According to the researchers, the answer to this is still a resounding yes it is, but businesses will need to be patient when waiting to exit the payback period. An average of all firms suggests that the more familiar firms are with AI, the quicker it will pay off beginners on average face payback phases of more than 1.6 years, while leaders will see this shorten to 1.2 years however, this also depends on which industry an organisation resides in. For example, healthcare entities face the longest wait of 1.61 years, while the automotive sector averages a payback period of 1.26 years.

Commenting on the findings, ESI ThoughtLab CEO Lou Celi encouraged firms not to lose patience, as AI will become even more important in the coming months. Celi added, As the pandemic propels businesses into a digital-first world, AI will become a key driver of corporate growth and competitiveness. But building proficiency in AI is not easy It can fail to deliver results if the wrong business case is selected, the data is prepared incorrectly, or the model is not built for scale.

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Is the buzz around artificial intelligence justified? - Consultancy.uk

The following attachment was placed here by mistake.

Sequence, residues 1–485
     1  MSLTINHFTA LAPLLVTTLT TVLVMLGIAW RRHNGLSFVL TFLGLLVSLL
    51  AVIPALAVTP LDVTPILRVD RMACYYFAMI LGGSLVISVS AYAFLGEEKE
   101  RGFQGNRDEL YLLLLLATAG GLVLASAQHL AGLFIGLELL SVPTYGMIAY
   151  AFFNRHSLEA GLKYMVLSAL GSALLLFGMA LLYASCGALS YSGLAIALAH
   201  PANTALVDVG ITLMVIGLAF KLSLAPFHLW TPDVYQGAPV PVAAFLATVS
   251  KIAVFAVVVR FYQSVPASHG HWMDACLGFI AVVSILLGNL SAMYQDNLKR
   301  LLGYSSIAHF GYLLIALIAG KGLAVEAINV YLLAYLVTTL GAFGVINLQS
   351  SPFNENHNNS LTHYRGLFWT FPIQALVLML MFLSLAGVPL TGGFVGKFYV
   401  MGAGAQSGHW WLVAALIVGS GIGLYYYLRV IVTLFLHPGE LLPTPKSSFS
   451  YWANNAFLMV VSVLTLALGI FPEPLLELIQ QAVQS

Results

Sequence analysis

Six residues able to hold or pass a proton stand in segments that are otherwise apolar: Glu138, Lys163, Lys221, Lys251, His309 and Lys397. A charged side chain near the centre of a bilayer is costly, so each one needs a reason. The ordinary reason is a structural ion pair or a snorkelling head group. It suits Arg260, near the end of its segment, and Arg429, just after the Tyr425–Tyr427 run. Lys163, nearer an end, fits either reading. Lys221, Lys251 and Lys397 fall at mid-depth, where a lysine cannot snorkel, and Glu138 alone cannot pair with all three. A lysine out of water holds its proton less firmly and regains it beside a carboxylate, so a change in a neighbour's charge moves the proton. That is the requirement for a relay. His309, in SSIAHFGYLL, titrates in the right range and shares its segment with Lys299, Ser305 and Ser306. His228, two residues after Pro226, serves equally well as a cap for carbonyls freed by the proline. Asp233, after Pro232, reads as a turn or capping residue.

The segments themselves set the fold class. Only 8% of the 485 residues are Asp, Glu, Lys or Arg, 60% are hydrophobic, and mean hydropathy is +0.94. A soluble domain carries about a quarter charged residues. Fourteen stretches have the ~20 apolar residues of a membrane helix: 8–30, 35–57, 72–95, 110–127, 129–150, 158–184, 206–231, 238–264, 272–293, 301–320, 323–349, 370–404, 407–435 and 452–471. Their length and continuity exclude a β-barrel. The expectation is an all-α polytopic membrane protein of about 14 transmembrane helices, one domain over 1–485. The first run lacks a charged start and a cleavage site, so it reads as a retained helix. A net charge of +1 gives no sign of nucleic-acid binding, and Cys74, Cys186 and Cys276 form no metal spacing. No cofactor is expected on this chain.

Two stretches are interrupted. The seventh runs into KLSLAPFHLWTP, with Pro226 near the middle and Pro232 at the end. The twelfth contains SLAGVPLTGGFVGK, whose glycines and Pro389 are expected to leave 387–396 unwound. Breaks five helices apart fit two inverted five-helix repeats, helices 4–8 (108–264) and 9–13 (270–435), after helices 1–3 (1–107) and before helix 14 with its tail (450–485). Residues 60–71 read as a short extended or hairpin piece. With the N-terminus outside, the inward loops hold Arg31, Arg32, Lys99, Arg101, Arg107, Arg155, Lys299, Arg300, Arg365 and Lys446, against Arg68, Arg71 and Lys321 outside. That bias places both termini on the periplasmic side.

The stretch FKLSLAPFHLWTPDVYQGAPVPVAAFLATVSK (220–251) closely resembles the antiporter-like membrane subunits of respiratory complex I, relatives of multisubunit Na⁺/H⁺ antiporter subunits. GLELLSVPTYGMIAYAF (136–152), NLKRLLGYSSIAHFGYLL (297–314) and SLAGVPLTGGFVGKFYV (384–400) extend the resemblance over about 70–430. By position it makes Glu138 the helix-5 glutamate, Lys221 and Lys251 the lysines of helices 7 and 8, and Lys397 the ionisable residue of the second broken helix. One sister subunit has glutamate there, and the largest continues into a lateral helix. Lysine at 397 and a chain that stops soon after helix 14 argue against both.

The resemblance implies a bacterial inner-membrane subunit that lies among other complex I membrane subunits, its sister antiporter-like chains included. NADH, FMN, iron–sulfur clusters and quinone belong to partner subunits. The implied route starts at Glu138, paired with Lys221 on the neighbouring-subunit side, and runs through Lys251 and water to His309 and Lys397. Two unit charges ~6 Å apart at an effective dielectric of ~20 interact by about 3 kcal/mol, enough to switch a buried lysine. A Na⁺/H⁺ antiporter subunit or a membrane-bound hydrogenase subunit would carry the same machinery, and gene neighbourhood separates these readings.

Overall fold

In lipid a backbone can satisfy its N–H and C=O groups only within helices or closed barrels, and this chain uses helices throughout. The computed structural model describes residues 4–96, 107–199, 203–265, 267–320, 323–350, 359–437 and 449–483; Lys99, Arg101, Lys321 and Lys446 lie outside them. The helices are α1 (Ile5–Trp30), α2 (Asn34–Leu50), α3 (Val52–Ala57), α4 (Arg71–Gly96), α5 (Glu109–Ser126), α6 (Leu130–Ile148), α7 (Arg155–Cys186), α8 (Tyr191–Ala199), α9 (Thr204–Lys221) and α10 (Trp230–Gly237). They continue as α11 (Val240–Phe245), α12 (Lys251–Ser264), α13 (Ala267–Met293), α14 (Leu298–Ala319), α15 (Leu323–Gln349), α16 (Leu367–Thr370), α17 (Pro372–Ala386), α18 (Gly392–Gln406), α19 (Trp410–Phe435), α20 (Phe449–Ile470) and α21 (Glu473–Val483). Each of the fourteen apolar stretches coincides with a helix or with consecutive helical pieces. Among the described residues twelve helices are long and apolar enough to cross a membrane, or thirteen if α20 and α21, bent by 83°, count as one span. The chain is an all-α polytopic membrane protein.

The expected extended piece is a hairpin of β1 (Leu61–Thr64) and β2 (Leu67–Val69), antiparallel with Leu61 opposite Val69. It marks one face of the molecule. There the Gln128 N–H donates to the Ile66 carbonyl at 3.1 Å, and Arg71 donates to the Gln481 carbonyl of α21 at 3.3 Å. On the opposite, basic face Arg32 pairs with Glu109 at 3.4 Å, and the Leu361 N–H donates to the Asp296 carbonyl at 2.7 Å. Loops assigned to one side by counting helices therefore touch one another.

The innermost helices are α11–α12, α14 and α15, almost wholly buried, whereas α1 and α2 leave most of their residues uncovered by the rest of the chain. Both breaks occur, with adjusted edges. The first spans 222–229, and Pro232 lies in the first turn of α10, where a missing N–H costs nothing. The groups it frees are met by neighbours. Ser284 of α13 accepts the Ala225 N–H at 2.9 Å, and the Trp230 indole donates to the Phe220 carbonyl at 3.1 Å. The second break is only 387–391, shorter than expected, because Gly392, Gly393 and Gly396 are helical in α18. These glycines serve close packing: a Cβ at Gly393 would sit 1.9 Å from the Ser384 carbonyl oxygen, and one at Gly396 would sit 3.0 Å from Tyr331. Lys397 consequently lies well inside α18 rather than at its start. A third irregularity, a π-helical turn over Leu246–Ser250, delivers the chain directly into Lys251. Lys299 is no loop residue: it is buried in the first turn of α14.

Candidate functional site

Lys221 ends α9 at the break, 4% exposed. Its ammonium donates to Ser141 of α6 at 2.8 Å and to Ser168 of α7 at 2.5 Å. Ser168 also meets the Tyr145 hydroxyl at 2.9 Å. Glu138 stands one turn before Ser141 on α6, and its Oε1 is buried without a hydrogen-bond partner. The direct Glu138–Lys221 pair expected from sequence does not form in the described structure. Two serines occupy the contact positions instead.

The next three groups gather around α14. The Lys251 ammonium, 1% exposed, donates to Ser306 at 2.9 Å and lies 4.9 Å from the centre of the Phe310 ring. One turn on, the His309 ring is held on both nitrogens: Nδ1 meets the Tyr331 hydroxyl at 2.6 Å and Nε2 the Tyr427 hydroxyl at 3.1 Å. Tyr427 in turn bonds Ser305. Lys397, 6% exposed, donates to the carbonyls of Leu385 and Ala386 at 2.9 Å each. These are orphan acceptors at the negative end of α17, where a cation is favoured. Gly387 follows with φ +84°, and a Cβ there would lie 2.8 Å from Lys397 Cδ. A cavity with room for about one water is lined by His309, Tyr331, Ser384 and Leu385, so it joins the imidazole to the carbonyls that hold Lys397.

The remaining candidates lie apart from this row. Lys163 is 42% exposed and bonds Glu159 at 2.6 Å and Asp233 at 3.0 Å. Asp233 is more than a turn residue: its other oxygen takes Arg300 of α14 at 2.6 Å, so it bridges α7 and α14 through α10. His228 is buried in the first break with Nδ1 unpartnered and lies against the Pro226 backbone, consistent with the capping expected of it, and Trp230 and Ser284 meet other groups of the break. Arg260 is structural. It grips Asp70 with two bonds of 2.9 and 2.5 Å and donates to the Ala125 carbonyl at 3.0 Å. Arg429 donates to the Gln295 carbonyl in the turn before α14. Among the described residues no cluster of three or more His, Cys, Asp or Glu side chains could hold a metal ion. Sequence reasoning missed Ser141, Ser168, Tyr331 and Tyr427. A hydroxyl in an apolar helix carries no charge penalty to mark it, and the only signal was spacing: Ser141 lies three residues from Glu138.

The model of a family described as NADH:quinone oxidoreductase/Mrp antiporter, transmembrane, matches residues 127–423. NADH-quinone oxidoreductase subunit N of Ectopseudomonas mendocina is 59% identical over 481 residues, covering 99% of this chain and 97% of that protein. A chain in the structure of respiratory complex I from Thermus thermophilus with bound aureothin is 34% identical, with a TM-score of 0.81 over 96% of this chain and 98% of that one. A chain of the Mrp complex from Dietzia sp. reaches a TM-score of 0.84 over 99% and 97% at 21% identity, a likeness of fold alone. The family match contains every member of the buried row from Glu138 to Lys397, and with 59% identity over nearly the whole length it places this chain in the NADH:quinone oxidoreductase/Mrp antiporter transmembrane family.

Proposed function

Artificial Intelligence Will Soon Shape Themselves, and Us – Medium

Image: Yuichiro Chino/Getty Images

A future where were all replaced by artificial intelligence may be further off than experts currently predict, but the readiness with which we accept the notion of our own obsolescence says a lot about how much we value ourselves. The long-term danger is not that we will lose our jobs to robots. We can contend with joblessness if it happens. The real threat is that well lose our humanity to the value system we embed in our robots, and that they in turn impose on us.

Computer scientists once dreamed of enhancing the human mind through technology, a field of research known as intelligence augmentation. But this pursuit has been largely surrendered to the goal of creating artificial intelligence machines that can think for themselves. All were really training them to do is manipulate our behavior and engineer our compliance. Figure has again become ground.